The S Fund holds the same securities as the Dow Jones U.S. Completion Total Stock Market Index. It contains 4,500 companies outside of the Standard & Poor’s 500 Index. When combined, the C Fund and S fund make up the companies that make up the very broad Wilshire 5000 Index. The companies in the S Fund are smaller than those in the C Fund (S&P 500 index) and so The S Fund tends to have higher volatility and has historically outperformed the C Fund.
I Fund: International Stock Index Investment Fund
The I Fund invests in international stocks based outside of the United States. It replicates the Morgan Stanley Capital International EAFE (Europe, Australasia, Far East) Index and consists of larger, more established companies located in developed countries around the world.
L Funds: Lifecycle Funds
TSP Lifecyle funds let investors with TSP accounts invest in a single TSP fund containing a combination of the five core funds. Each L Fund holds core TSP funds in a ratio determined by professionals to give the best expected return for the amount of expected risk appropriate for the year in which future funds will be needed.
TSP Lifecycle Funds are designed to simplify the investment decision by letting investors choose only one TSP fund designed for when they will retire from government service and need access to their TSP funds.
There are ten L Funds available today with retirement dates between 2025 and 2065, in five year increments.
Every 90 days each L Fund automatically adjusts holdings of the core funds to shift funds from high risk and reward to lower risk and reward as the target date gets closer.
When the target date is reached, the L Fund is rolled into the L Income fund, which is designed for an investor who has reached their target date and may need access to their TSP funds.
TSP Lifecycle funds
- L Income
- L 2025
- L 2030
- L 2035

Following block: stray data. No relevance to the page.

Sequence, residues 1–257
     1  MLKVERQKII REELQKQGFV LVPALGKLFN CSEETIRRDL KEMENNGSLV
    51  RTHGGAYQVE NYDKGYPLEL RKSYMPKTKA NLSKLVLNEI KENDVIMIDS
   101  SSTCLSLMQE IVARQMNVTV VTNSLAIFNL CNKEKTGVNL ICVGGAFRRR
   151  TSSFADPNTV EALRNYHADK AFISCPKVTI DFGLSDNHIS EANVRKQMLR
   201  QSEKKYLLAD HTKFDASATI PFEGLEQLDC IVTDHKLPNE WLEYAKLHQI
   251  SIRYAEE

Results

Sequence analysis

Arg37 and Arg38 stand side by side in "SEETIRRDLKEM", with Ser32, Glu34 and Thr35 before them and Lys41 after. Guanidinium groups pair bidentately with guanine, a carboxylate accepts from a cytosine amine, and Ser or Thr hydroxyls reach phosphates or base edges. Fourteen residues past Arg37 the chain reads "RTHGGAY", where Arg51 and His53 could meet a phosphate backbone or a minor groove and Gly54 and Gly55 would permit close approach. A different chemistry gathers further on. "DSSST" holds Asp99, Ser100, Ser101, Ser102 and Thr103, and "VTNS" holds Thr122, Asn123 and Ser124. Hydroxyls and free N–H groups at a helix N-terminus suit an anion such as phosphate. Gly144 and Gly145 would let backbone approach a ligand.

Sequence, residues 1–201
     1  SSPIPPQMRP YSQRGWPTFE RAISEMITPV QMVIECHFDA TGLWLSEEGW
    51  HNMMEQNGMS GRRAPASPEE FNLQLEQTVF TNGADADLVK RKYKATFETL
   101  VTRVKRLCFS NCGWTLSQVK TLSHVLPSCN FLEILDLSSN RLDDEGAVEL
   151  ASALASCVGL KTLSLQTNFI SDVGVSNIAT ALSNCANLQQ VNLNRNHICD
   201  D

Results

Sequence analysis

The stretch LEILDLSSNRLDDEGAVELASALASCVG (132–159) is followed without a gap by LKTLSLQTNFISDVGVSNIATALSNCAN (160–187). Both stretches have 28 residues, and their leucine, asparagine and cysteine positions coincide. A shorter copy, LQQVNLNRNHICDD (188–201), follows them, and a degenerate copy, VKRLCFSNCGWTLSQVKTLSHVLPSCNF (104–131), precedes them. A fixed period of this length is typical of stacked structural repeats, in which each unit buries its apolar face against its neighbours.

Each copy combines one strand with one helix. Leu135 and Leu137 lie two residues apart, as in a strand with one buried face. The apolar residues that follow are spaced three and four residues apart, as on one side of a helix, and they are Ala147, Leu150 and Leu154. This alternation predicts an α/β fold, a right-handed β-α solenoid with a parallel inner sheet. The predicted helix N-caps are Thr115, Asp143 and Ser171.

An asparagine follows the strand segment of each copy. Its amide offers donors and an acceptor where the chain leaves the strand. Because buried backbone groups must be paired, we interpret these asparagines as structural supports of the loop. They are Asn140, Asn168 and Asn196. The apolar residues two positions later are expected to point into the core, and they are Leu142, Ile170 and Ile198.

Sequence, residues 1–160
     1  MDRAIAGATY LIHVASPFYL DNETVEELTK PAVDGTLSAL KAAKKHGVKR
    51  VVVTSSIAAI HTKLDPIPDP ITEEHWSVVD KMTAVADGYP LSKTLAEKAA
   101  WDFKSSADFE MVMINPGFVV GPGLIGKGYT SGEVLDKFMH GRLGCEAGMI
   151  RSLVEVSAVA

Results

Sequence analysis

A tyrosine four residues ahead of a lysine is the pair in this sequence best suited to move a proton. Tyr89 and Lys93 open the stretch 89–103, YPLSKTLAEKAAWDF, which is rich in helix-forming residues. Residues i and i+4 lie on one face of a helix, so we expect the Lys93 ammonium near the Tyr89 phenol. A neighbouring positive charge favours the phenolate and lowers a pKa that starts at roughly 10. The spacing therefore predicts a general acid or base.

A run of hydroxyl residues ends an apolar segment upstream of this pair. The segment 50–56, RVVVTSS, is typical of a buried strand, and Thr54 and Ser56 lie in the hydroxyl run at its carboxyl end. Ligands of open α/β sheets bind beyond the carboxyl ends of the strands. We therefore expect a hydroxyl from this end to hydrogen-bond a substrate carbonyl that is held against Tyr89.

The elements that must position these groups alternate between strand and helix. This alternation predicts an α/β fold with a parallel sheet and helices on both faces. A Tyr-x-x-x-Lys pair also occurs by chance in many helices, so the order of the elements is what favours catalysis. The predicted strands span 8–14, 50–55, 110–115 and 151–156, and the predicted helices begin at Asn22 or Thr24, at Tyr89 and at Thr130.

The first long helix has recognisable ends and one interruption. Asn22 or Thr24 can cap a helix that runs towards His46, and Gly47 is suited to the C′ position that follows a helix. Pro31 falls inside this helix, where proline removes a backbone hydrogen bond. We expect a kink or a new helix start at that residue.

- L 2040
- L 2045
- L 2050
- L 2055
- L 2060
- L 2065
Adding C Fund to your investment portfolio
A common type of investment strategy referred to as a Strategic asset allocation is where an investor sets target allocations for various asset classes and rebalances the portfolio periodically. The target allocations are based on factors such as the investor’s risk tolerance, time horizon, and investment objectives.
The C Fund can be added to your portfolio to satisfy the need for investing in stocks of companies. In addition to holding the C Fund, investors may choose to hold other funds that invest in international stock markets such as the I Fund or the S Fund which invests in smaller companies in the U.S.
To balance stock holdings, bonds are often added to a portfolio because they are considered safer investments than stocks, but generally have lower returns.
Historically bond index funds have had an inverse correlation to stock index funds, meaning when stocks go up, bonds tend to go down. This can help to reduce volatility in an investor’s portfolio.
Strategic investment portfolios with different asset allocations
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In addition to investing their TSP portfolio using a Strategic Asset Allocation (SAA) strategy, some investors chose to follow a Tactical Asset Allocation (TAA) strategy with all or some of their retirement savings.
A Tactical Asset Allocation strategy differs from a SAA strategy in that at TAA actively adjusts core investment funds according to current economic conditions. The goals of most TAA strategies are to improve investment performance and to limit drawdowns and help ensure capital preservation when financial markets fall.
Indexfundtrends.com has an TAA investment strategy specifically designed for TSP account holders called the Dynamic TSP Strategy. It has been shown to perform better over the long run than a strategic asset allocation strategy with smaller drawdowns and good investment returns.